Given recent events and the uncertainty around the world, queries about offshore investing are at an all-time high. Although COVID-19 certainly has a role to play, questions and discussions around investing offshore are always extremely topical amongst South Africans. This topic evokes emotion and brings up many questions, which if answered correctly, will enable you to make sound financial decisions in keeping with your long-term financial plan.
Why Should I invest offshore? Well, as South Africans, having exposure to offshore assets is essential for the following reasons: it provides protection against inherent risks in South Africa and the depreciation of the Rand; it helps to diversify investments, and it allows access to a greater range of opportunities to invest in.
There are two ways in which you can invest offshore. The first is taking a direct route, which means that you physically buy offshore currency, for example, US Dollars. Once the money is in offshore currency, you can invest those US Dollars in various offshore investments.
The second is through asset swops or feeder funds. By investing via asset swops or feeder funds, your money never has to change from Rands to an offshore currency. It is the chosen investments of underlying funds that you choose that gives you the exposure to offshore assets.
Your Financial Plan
The big question is, does investing offshore make sense in terms of your Financial Plan? Direct versus asset swop offshore investing often has a different place in investors’ portfolios, and we often forget that many of us already have offshore exposure.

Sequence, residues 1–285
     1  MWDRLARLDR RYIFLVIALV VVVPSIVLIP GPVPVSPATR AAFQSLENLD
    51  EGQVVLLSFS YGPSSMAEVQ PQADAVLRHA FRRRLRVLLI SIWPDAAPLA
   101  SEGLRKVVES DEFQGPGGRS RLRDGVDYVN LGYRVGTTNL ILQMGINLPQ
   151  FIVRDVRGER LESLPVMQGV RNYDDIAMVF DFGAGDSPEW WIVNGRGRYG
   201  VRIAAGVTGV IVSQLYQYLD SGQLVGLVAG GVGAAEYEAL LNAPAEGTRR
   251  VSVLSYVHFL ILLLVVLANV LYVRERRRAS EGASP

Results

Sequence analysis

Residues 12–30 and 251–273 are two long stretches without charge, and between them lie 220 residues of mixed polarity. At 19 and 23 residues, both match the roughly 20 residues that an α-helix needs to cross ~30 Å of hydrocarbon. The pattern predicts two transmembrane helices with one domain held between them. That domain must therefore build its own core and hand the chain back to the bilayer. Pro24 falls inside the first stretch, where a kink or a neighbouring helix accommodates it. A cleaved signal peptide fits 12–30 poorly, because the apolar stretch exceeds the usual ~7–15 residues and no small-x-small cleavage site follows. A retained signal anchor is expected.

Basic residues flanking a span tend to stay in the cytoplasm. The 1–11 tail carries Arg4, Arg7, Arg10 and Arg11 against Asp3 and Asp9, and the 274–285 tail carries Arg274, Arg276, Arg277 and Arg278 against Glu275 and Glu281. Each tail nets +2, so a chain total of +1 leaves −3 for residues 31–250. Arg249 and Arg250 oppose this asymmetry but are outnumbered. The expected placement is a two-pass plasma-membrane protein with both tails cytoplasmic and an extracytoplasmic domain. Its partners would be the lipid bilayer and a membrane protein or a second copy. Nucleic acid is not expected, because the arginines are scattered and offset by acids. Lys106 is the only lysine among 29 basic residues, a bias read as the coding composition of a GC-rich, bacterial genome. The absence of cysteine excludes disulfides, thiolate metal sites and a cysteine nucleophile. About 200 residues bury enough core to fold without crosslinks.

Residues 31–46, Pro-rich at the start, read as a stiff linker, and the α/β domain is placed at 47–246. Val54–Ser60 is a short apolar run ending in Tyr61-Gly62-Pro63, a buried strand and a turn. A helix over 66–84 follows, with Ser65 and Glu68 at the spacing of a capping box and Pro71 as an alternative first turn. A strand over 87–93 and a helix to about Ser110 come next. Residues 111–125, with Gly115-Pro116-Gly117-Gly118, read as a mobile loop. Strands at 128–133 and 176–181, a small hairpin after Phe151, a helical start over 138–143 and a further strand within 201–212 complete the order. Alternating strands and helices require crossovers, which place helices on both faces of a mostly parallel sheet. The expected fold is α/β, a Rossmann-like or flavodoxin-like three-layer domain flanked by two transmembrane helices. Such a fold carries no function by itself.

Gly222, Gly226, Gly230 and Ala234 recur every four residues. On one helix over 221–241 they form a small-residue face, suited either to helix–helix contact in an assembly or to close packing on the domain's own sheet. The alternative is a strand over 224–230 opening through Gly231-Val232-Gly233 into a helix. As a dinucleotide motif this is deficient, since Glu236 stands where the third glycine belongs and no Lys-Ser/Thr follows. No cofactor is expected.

At Chartered, we separate clients investments into Retirement Assets and Surplus Assets.
With clients Retirement Assets, we aim to have the right balance between local and offshore exposure. This is based on expected future growth and the need to beat inflation in South Africa. This would be done via asset swops, because this money is needed to fund future expenses, and therefore needs to be flexible and liquid. Often bringing money back from overseas is costly and impractical.
With Surplus Assets, we tend to invest this money directly offshore. This allows us to buy foreign currency which will be held offshore and doesn’t need to come back to Rands. This route of investing is often seen as a kind of “insurance policy” for South Africans. In some circumstances, depending on the amount, you may need to apply for clearance.
Investing directly offshore is generally warranted with larger amounts given currency fees and the costs of investing offshore. Making use of asset swops can be a great opportunity to gain offshore exposure with smaller amounts.
Is now a good time to invest offshore? It is a gamble to try and time currency because the Rand is volatile. We forget that the Rand went to more than R16 to the Dollar in 2016.
At the time, this seemed impossible. In 2020 we have gone from R14 to over R19 and all the way back to around R16.50 in a matter of a few weeks. At the time of writing, the Rand is back up to R17.20.
If we stay true to the long-term nature mentioned for Surplus Assets or Assets that are not needed over 10+ years, then what we pay for our US Dollars is less important.
Global markets are still trying to make sense of the virus, the impact on economies and the effect of all the stimulus packages seen around the globe.
With such uncertainty, both globally and locally, any investing should be done with extreme caution and in line with your Financial Plan. The decision should not be an emotional one. Now more than ever, professional advice is crucial to making the right decision for your long-term wealth.
For a more in-depth discussion on this topic, listen to our podcast.
Given recent events and the uncertainty around the world, queries about offshore investing are at an all-time high. Kim Potgieter and Stephanie Bakhuis delve deeper into the why, the how and the when of offshore investing, and how it ties into your Financial Plan.